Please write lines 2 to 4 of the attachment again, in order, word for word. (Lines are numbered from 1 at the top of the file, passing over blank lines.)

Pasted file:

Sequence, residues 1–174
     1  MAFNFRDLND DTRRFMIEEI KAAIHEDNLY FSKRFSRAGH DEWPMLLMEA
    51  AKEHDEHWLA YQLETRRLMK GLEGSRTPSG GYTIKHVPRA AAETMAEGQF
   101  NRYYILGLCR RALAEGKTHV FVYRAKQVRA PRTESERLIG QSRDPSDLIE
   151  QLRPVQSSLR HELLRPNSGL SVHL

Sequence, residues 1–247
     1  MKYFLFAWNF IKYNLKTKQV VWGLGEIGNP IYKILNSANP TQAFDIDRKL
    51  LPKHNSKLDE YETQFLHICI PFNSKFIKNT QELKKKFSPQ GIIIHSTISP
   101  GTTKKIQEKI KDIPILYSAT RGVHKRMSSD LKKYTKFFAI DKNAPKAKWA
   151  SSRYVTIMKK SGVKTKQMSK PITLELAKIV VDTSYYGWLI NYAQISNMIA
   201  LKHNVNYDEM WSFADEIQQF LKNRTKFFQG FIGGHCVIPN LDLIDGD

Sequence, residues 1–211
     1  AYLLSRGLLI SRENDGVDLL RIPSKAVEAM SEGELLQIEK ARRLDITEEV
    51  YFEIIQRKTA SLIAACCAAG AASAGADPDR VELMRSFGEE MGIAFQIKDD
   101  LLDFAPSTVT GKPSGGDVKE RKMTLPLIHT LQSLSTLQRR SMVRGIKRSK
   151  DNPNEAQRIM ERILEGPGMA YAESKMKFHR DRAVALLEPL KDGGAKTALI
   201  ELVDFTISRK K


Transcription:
     1  MAFNFRDLND DTRRFMIEEI KAAIHEDNLY FSKRFSRAGH DEWPMLLMEA
    51  AKEHDEHWLA YQLETRRLMK GLEGSRTPSG GYTIKHVPRA AAETMAEGQF
   101  NRYYILGLCR RALAEGKTHV FVYRAKQVRA PRTESERLIG QSRDPSDLIE